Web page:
How JustAnswer Works:
  • Ask an Expert
    Experts are full of valuable knowledge and are ready to help with any question. Credentials confirmed by a Fortune 500 verification firm.
  • Get a Professional Answer
    Via email, text message, or notification as you wait on our site. Ask follow up questions if you need to.
  • 100% Satisfaction Guarantee
    Rate the answer you receive.
Ask Barrister Your Own Question
Barrister
Barrister, Lawyer
Category: Real Estate Law
Satisfied Customers: 38212
Experience:  17 years real estate, Realtor. Landlord 26 years
19958803
Type Your Real Estate Law Question Here...
Barrister is online now
A new question is answered every 9 seconds

I recently purchased a home at an trustee sale (auction) and

This answer was rated:

Hi
JA: Hi. What seems to be the problem?
Customer: I recently purchased a home at an trustee sale (auction) and the property is occupied (not sure if tenant or previous owner). I am seeking advice on best way to deal with the occupant per Virginia law
JA: Because real estate law varies from place to place, can you tell me what state this is in?
Customer: prince william county, virginia
JA: Has anything been filed or reported?
Customer: i don't believe the trustee initiated eviction process prior to auction
JA: Anything else you want the lawyer to know before I connect you?
Customer: i have not made initial contact with occupant yet
Customer: replied 3 months ago.
can you also advise on eviction process in prince william county, virginia

Hello and welcome! My name is ***** ***** I am a licensed attorney and will try my best to help with your situation. There may be a slight delay in my responses as I type out an answer or reply.

.

You may also be offered a phone call, but those don’t come from me and are offered by the website and you are under no obligation to accept.

.

Once you have the deed in your name, you can begin the termination and eviction process by giving the tenant a written 5 day notice to vacate. If they don't then vacate, you will have to file a formal eviction action in court to get a judgment and a writ of possession that will allow the sheriff to forcibly remove any occupants.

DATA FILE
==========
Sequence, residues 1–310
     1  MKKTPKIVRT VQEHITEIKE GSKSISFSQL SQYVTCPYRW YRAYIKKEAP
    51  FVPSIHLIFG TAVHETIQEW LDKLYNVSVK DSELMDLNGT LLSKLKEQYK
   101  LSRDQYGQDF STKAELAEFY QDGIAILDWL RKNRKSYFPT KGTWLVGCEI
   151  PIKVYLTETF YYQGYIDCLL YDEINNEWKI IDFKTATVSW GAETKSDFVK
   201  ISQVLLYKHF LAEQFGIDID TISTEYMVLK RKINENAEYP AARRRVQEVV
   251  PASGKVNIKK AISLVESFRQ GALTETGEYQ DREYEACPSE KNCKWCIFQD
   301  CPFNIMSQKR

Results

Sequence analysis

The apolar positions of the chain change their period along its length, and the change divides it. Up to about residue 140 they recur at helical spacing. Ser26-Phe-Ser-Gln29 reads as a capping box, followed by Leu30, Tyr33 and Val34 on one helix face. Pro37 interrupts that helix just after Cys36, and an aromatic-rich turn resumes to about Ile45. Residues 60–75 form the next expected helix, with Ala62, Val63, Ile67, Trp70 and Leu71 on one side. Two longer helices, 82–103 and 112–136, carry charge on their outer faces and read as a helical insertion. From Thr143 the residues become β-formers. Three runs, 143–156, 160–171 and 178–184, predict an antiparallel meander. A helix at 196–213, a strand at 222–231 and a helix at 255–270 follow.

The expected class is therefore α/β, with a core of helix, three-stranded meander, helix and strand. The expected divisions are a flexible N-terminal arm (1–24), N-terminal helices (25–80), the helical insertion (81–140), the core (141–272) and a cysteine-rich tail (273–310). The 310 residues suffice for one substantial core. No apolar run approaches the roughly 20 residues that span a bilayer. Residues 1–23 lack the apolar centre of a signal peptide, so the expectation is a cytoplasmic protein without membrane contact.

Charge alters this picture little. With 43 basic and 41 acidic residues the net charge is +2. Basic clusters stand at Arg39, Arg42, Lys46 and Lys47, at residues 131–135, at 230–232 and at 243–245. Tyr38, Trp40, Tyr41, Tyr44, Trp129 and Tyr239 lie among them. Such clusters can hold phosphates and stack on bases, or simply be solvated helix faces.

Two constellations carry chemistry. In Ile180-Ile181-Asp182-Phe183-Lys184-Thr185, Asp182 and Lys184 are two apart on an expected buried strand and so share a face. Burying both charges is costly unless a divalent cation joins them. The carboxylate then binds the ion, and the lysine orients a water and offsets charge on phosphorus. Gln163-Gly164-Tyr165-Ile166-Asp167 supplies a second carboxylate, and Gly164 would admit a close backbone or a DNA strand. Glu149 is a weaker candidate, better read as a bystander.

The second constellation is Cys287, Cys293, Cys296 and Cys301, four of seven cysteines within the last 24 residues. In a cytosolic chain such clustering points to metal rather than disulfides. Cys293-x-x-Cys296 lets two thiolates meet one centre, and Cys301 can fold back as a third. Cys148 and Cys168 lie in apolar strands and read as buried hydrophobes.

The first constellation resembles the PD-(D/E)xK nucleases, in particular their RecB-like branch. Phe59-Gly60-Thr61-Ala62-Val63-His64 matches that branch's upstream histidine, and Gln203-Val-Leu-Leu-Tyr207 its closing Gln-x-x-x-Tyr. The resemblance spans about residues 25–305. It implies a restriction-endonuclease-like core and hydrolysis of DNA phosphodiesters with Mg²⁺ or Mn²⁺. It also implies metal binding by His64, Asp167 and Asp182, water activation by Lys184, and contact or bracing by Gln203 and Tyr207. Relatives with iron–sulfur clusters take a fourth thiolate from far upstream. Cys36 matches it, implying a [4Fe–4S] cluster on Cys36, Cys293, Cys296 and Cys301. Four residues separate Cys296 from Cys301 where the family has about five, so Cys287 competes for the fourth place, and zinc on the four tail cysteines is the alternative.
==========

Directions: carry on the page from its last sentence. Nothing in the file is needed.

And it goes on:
.

But generally, since the occupants likely know that they will have to move, if you offer them "cash for keys", as in some amount to encourage them to voluntarily vacate, often they will accept because if you have to evict them, they get nothing.

.

In Virginia, an unlawful detainer is the most common action used to obtain possession of real property after a foreclosure sale. Following a foreclosure sale, the purchaser must demand possession of the property and provide the occupant, by certified return receipt mail, with a notice to vacate. This notice to quit gives the occupant five (5) days to vacate before the filing of the unlawful detainer.

.

Filing the unlawful detainer in the district court initiates the actual legal proceeding to evict the occupant. The summons states that the plaintiff is the owner of the property and the defendant is the former borrower or an unknown occupant holding over after a foreclosure sale. Once the summons is filed, the defendant is served with process by the sheriff.

.

A hearing is scheduled for three (3) to four (4) weeks from the date of filing. At the hearing, if the defendant and or unknown occupant does not appear, then the plaintiff is entitled to judgment for possession (the order allowing eviction) by default. If the borrower or occupant appears and contests the matter, a trial is set, normally resulting in an order that the purchaser is entitled to Writ of Possession. At a contested hearing, the purchaser must present evidence that the foreclosure occurred and that the party seeking the eviction was the purchaser at the foreclosure sale, or a transferee of the purchaser. Once these facts are proven, the purchaser is usually granted a judgment declaring that it is entitled to possession of the property. The judgment becomes final in ten (10) days if the borrower or occupant does not file an appeal.

.

After the ten-day appeal period expires, the court issues a Writ of Possession. Once the order has been entered and a Writ of Possession is issued, the lender must schedule the eviction with the sheriff's office. The writ is usually executed within two (2) to four (4) weeks of it being issued. The writ expires if the eviction is not completed within thirty (30) days of issuance. The lender's labor crew, under the supervision of the sheriff, carries out the eviction. On the scheduled date, the personal property is "set out" on the curbside.